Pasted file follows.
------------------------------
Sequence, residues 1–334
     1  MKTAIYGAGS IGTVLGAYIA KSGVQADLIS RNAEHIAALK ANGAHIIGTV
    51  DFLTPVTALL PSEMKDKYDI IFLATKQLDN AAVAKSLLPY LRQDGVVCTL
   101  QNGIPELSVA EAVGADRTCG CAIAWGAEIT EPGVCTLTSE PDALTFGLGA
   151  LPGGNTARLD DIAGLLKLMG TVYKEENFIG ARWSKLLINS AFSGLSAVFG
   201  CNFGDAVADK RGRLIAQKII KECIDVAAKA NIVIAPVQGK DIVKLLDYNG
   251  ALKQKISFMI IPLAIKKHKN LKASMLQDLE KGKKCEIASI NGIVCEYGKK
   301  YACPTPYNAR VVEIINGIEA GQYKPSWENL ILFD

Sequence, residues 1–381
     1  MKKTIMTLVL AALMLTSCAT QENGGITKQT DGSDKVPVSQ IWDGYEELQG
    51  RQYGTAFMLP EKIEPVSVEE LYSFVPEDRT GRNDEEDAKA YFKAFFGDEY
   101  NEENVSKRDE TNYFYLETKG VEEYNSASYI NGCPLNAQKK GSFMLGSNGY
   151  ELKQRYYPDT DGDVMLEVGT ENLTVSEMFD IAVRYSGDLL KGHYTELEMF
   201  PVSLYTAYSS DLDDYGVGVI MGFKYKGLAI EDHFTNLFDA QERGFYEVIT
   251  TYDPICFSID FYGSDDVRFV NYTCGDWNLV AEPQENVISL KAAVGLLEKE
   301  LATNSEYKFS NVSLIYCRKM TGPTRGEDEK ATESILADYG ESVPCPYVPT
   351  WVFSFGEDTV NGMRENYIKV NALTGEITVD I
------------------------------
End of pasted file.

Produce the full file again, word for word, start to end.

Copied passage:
Sequence, residues 1–334
     1  MKTAIYGAGS IGTVLGAYIA KSGVQADLIS RNAEHIAALK ANGAHIIGTV
    51  DFLTPVTALL PSEMKDKYDI IFLATKQLDN AAVAKSLLPY LRQDGVVCTL
   101  QNGIPELSVA EAVGADRTCG CAIAWGAEIT EPGVCTLTSE PDALTFGLGA
   151  LPGGNTARLD DIAGLLKLMG TVYKEENFIG ARWSKLLINS AFSGLSAVFG
   201  CNFGDAVADK RGRLIAQKII KECIDVAAKA NIVIAPVQGK DIVKLLDYNG
   251  ALKQKISFMI IPLAIKKHKN LKASMLQDLE KGKKCEIASI NGIVCEYGKK
   301  YACPTPYNAR VVEIINGIEA GQYKPSWENL ILFD

Sequence, residues 1–381
     1  MKKTIMTLVL AALMLTSCAT QENGGITKQT DGSDKVPVSQ IWDGYEELQG
    51  RQYGTAFMLP EKIEPVSVEE LYSFVPEDRT GRNDEEDAKA YFKAFFGDEY
   101  NEENVSKRDE TNYFYLETKG VEEYNSASYI NGCPLNAQKK GSFMLGSNGY
   151  ELKQRYYPDT DGDVMLEVGT ENLTVSEMFD IAVRYSGDLL KGHYTELEMF
   201  PVSLYTAYSS DLDDYGVGVI MGFKYKGLAI EDHFTNLFDA QERGFYEVIT
   251  TYDPICFSID FYGSDDVRFV NYTCGDWNLV AEPQENVISL KAAVGLLEKE
   301  LATNSEYKFS NVSLIYCRKM TGPTRGEDEK ATESILADYG ESVPCPYVPT
   351  WVFSFGEDTV NGMRENYIKV NALTGEITVD I